Differences in protein quality control correlate with phenotype variability in 2 mouse models of familial amyotrophic lateral sclerosis

Marianna Marino, Simonetta Papa, Valeria Crippa, Giovanni Nardo, Marco Peviani, Cristina Cheroni, Maria Chiara Trolese, Eliana Lauranzano, Valentina Bonetto, Angelo Poletti, Silvia DeBiasi, Laura Ferraiuolo, Pamela J. Shaw, Caterina Bendotti

Research output: Contribution to journalArticle

Abstract

Amyotrophic lateral sclerosis (ALS) is a disease of variable severity in terms of speed of progression of the disease course. We found a similar variability in disease onset and progression of 2 familial ALS mouse strains, despite the fact that they carry the same transgene copy number and express the same amount of mutant SOD1G93A messenger RNA and protein in the central nervous system. Comparative analysis of 2 SOD1G93A mouse strains highlights differences associated with the disease severity that are unrelated to the degree of motor neuron loss but that appear to promote early dysfunction of these cells linked to protein aggregation. Features of fast progressing phenotype are (1) abundant protein aggregates containing mutant SOD1 and multiple chaperones; (2) low basal expression of the chaperone alpha-B-crystallin (CRYAB) and β5 subunits of proteasome; and (3) downregulation of proteasome subunit expression at disease onset. In contrast, high levels of functional chaperones such as cyclophillin-A and CRYAB, combined with delayed alteration of expression of proteasome subunits and the sequestration of TDP43 into aggregates, are features associated with a more slowly progressing pathology. These data support the hypothesis that impairment of protein homeostasis caused by low-soluble chaperone levels, together with malfunction of the proteasome degradation machinery, contributes to accelerate motor neuron dysfunction and progression of disease symptoms. Therefore, modulating the activity of these systems could represent a rational therapeutic strategy for slowing down disease progression in SOD1-related ALS.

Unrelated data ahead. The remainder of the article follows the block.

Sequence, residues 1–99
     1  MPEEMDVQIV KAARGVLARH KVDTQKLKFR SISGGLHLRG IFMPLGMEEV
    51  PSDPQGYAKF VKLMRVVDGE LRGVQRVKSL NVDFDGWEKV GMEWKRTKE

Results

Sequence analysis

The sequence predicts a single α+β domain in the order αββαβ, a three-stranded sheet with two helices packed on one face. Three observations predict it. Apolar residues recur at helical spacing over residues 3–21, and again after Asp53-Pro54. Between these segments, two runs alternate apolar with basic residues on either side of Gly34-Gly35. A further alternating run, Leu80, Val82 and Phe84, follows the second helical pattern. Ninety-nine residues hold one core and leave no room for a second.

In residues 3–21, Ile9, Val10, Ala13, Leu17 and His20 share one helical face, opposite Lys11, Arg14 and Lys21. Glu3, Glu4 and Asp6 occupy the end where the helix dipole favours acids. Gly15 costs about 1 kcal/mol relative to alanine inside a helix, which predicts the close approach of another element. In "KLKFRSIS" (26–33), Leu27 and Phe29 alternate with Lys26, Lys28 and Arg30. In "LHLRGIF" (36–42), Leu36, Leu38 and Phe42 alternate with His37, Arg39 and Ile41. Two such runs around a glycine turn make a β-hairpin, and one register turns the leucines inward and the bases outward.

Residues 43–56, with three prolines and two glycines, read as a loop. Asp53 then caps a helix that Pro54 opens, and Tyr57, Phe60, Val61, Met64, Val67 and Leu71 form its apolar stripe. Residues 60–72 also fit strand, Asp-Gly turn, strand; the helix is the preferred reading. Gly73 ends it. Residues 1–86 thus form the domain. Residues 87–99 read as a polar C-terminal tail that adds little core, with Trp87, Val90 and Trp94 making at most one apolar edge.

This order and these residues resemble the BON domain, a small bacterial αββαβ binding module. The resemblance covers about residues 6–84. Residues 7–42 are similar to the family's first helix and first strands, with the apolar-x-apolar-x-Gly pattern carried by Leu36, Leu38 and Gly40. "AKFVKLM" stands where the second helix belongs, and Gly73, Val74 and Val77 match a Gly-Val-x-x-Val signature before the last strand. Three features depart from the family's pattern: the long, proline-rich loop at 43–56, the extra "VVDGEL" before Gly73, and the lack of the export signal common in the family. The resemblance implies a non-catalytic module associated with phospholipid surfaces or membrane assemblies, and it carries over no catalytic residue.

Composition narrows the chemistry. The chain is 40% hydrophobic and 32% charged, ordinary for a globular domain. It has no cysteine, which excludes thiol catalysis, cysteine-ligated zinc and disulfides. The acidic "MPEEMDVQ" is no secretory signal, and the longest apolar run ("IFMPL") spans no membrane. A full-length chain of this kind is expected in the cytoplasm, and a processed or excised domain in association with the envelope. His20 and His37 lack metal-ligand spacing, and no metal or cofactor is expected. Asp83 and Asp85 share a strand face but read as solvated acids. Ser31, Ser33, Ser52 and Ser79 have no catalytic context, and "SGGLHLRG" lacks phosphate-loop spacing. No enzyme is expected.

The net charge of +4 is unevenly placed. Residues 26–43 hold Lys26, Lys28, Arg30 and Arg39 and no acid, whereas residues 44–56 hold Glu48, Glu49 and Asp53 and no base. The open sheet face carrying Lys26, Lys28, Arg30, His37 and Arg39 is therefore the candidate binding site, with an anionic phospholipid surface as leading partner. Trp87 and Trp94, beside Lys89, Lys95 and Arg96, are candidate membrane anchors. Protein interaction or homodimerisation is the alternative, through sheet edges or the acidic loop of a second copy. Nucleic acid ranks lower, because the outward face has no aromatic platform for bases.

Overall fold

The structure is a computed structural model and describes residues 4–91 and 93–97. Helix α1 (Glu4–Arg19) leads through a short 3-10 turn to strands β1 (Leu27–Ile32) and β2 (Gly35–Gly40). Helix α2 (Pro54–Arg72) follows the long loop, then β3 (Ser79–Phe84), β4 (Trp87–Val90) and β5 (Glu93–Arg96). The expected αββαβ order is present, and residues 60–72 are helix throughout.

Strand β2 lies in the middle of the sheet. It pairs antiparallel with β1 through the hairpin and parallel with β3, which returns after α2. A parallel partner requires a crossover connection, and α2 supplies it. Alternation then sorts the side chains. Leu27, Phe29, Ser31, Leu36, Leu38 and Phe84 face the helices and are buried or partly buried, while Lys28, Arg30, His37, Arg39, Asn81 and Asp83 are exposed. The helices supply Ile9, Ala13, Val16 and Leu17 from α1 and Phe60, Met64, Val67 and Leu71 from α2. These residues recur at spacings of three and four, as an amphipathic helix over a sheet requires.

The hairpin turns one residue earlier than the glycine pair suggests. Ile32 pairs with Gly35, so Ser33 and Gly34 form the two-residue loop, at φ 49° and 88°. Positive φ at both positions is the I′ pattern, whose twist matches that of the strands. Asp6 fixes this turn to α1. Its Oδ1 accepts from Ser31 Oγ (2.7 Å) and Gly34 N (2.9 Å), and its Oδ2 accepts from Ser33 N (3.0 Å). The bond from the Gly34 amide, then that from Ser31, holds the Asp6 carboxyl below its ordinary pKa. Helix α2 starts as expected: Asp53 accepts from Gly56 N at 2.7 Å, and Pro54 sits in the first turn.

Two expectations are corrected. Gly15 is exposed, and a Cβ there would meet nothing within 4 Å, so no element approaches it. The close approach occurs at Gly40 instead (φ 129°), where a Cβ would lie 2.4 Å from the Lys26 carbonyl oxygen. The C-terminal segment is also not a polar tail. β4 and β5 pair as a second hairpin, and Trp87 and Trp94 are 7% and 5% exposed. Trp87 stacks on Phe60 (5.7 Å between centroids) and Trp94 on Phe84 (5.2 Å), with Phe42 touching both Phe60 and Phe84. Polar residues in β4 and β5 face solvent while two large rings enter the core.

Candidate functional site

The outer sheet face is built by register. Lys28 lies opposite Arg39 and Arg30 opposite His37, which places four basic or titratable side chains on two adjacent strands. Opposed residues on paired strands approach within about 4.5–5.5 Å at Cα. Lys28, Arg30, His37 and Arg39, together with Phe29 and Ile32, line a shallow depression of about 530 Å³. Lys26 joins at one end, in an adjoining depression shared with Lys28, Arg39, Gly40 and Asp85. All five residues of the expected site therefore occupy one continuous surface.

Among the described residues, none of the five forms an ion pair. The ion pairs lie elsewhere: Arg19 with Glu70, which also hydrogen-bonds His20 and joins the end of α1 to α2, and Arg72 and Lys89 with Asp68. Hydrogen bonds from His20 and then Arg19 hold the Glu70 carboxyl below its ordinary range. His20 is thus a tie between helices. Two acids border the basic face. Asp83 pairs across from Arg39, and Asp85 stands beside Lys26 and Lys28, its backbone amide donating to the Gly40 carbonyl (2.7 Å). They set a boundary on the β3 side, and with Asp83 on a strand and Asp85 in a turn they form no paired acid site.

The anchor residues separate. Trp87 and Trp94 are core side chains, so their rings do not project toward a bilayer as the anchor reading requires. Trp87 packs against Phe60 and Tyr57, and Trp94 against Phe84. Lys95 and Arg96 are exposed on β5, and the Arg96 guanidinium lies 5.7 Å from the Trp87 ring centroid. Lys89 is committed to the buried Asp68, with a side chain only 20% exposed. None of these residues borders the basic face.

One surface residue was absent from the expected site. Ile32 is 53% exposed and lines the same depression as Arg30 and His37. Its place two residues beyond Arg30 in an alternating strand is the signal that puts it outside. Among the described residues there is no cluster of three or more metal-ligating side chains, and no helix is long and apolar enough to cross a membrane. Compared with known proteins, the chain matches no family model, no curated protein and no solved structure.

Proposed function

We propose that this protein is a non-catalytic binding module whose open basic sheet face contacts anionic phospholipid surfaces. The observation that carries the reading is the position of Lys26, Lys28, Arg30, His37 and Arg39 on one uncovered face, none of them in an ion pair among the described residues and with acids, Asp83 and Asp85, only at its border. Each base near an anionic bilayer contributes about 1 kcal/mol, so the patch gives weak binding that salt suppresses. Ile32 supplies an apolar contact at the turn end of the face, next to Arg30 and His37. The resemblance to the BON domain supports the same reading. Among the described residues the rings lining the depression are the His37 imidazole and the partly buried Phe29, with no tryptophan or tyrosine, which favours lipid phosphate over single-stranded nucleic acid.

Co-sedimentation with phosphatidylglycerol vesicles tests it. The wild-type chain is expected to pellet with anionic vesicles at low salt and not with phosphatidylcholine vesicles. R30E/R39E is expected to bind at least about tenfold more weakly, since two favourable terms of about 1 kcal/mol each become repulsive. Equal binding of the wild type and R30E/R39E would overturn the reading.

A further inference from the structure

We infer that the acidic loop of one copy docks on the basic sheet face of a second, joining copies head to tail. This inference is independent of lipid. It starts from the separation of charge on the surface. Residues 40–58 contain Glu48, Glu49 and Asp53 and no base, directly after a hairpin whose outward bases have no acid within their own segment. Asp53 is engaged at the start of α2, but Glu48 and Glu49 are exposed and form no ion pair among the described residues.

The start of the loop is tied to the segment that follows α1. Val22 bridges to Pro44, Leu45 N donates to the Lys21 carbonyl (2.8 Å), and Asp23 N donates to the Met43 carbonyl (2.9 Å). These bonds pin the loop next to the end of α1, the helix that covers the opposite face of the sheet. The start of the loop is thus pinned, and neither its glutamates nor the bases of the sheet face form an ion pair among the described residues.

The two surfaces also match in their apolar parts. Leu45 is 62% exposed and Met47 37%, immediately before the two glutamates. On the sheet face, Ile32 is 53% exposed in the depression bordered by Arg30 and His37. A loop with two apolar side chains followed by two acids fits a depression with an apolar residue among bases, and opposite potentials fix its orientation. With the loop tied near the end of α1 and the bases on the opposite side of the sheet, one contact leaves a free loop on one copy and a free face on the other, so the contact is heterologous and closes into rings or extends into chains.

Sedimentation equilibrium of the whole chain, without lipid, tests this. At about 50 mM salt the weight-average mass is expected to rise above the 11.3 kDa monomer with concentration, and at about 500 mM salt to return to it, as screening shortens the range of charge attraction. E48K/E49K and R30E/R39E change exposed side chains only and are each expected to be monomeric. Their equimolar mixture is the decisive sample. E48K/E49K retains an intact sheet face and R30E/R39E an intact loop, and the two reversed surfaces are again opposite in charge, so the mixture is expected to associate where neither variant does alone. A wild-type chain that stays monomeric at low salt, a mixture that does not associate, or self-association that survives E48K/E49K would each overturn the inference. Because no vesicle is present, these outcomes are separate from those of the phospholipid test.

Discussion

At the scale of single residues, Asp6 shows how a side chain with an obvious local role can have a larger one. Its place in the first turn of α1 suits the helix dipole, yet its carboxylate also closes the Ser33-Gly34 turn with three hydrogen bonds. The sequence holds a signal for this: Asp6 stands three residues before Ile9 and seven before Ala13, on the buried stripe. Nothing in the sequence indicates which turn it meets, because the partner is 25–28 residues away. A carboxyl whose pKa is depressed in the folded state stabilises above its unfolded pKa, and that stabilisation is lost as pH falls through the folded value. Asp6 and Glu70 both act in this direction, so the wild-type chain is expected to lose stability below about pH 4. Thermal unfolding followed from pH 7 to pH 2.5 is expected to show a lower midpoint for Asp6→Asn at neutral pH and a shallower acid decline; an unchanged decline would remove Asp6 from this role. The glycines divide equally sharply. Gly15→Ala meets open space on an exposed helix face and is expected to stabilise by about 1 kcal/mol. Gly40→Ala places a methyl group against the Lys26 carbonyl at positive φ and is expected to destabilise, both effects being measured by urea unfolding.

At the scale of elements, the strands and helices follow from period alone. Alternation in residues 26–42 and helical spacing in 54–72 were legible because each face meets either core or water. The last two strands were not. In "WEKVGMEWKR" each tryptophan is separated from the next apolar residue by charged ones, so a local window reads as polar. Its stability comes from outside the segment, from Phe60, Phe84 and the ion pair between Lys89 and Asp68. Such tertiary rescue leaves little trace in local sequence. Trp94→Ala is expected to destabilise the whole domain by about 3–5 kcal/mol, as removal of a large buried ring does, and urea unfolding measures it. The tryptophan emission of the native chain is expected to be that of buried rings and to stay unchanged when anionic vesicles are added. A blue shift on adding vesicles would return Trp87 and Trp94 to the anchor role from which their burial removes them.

Original languageEnglish
Pages (from-to)492-504
Number of pages13
JournalNeurobiology of Aging
Volume36
Issue number1
DOIs
Publication statusPublished - Jan 1 2015

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Keywords

  • Alpha-B-crystallin
  • ALS
  • Autophagy
  • Chaperone
  • Cyclophillin-A
  • Proteasome
  • Protein quality control
  • SOD1G93A transgenic mouse

ASJC Scopus subject areas

  • Clinical Neurology
  • Neuroscience(all)
  • Ageing
  • Developmental Biology
  • Geriatrics and Gerontology

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